Tag Archives: Scott Niedermayer

It Happened Like This

It was May when Brandon Prust called Senators coach Paul MacLean a “bug-eyed fat walrus”, not long before the Canadiens bowed out to the Sens in five games.

What does that mean? Nothing. I’m just babbling. And I like the quote.

In June, the Chicago Blackhawks won the Stanley Cup, the Canadiens grabbed lanky forward Michael McCarron along with Jacob de la Rose, goaltender Zachary Fucale, and Artturi Lehkonen in the 2013 Entry Draft, Brendan Gallagher was edged out by Florida’s Jonathan Huberdeau for Calder Trophy/rookie of the year honours, and P.K captured the Norris Trophy and rightly so.

And Luci and I hopped in the car and moved to Montreal.

July saw big George Parrros and little Daniel Briere signed by the Habs, I started my new job, Chris Chelios, Brendan Shanahan, Scott Niedermayer, Geraldine Heaney, and Fred Shero were announced as new Hall of Famers, and P.K. and Carey Price were officially invited to Canada’s National Team orientation camp which would ultimately become a ball hockey game.

In August, Douglas Murray was signed by the Canadiens, I bought Dylan’s Blond on Blond CD, my brother came to visit me, and hoodlum Whitey Bulger, whose ex-girlfriend’s daughter was once married to Knuckles Nilan, somehow ended up with a 1986 Stanley Cup ring. (Whitey’s about to get sentenced to life).

September saw rookie camp get underway at Brossard, a guy robbed a bank in Orillia wearing a Habs hat, the Canadiens pre-season exhibition games kicked off, Danno sent me a hockey card I didn’t have, and Michael Bournival and Jarred Tinordi got the news they were staying with the big club. (Tinordi’s down in Hamilton at the moment).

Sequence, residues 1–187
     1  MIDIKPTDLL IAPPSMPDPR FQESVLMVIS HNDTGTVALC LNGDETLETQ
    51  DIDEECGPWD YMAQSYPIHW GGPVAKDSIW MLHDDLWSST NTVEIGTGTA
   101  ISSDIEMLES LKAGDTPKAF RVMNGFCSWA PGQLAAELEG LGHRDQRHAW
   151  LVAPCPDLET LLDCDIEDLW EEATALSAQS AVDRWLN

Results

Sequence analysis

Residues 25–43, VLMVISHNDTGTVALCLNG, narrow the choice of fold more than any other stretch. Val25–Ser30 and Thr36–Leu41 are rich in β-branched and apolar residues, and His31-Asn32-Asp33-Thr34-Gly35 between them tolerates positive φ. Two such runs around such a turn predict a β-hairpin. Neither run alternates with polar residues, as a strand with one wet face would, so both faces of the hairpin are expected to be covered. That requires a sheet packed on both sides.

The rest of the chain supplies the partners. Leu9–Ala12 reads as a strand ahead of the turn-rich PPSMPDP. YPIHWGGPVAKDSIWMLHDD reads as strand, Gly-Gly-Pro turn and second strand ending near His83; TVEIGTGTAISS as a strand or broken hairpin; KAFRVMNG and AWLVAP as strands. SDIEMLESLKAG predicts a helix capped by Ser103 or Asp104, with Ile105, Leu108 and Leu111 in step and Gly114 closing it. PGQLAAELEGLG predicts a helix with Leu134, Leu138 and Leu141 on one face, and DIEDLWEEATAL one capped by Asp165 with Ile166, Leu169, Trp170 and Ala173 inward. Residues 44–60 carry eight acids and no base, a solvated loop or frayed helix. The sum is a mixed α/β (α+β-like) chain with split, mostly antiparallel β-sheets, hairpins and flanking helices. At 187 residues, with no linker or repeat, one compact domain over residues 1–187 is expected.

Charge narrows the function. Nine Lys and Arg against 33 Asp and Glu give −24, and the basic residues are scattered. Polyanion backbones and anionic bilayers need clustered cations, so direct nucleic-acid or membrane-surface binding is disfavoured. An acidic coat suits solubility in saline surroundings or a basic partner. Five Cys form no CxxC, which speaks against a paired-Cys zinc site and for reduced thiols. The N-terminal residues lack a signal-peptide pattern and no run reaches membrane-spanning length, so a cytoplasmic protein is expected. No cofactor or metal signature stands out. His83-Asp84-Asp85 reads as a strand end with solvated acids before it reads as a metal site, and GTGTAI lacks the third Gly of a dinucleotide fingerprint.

October began with a loss to the Loafs during which George Parros conked his head in a fight and was gone for a month, Ryan White shaved his long blond locks, Daniel Briere suffered a concussion, Max got hurt, Leaf great Allan Stanley passed away, the Red Sox won the World Series, Alexei Emelin signed for four more years, and the Hockey Inside Out Summit kicked off at Hurley’s on Crescent St.

In November, Parros came back with his mustache missing, I bought a sports jacket, Toronto’s mayor made a whack of headlines, a Michel Therrien/PK Subban soap opera picked up steam, Gaston’s still an asshole, and the Canadiens have lost all four games they’ve played this month.

 

 

Four Things

Congratulations to Chris Chelios, Brendan Shanahan, Scott Niedermayer, Women’s player Geraldine Heaney, and coach of the ’70s Broad St. Bullies, Fred Shero.

I remember reading the headline in the Montreal Gazette when Chelios was first called up to the Canadiens. “The Coming of Chris” it heralded, which I thought was a fun headline. Several years later when I was in Leningrad I mentioned that headline to a couple of Russians and they had no idea what I was talking about.

Good for the inductees. It’s a good crop, even though Shero was at the helm of those Broad St. maniacs.